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Intel releases open source GraphBuilder for big data

07 Dec 2012
An Intel logo on a piece of equipment

Intel has released an open source tool designed to improve firms' handling and analysis of unstructured data.

Intel said that its GraphBuilder tool would aim to fill a market void in the handling of big data for computer learning. Currently available as a beta release, the tool allows developers to construct large graphs which can then be used with big data analysis frameworks.

"GraphBuilder not only constructs large-scale graphs fast but also offloads many of the complexities of graph construction, including graph formation, cleaning, compression, partitioning, and serialisation," wrote Intel principal scientist Ted Willke.

"This makes it easy for just about anyone to build graphs for interesting research and commercial applications."

Willke said that the tool was developed in a collaboration with researchers at the University of Washington in Seattle. The teams sought to address a perceived hole in the market for tools to build the graph data used for many big data analysis activities.

"Scanning the environment, we identified a more general hole in the open source ecosystem: A number of systems were out there to process, store, visualise, and mine graphs but, surprisingly, not to construct them from unstructured sources," Willke explained.

"So, we set out to develop a demo of a scalable graph construction library for Hadoop."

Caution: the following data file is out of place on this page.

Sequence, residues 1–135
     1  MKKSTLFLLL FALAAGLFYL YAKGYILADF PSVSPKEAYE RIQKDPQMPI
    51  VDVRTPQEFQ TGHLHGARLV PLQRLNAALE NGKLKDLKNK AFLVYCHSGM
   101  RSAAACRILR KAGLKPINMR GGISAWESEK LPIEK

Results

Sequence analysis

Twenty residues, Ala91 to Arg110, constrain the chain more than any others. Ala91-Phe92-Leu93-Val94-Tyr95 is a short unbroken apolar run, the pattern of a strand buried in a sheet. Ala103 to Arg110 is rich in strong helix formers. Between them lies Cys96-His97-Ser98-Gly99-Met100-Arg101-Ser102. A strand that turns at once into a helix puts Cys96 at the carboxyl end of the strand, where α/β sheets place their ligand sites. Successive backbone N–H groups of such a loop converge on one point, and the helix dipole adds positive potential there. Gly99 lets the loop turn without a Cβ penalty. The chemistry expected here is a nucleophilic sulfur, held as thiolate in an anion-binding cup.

The researchers estimate that GraphBuilder can help big data platforms analyse data as much as 50 times faster than the conventional MapReduce system.

The project is one of many research efforts dedicated to improving the performance of big data analysis platforms. Last month, researchers from the University of California Berkeley showcased a pair of technologies dubbed 'Spark' and 'Shark' which promise to dramatically improve the performance of the Apache Hive big data system.

The big data market has been suffering from a general lack of qualified analysts and developers, say vendors. Companies have sought to help bridge the gap by extending training efforts and partnerships with universities.



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Shaun Nichols

Shaun Nichols is the US correspondent for He has been with the company since 2006, originally joining as a news intern at the site's San Francisco offices.

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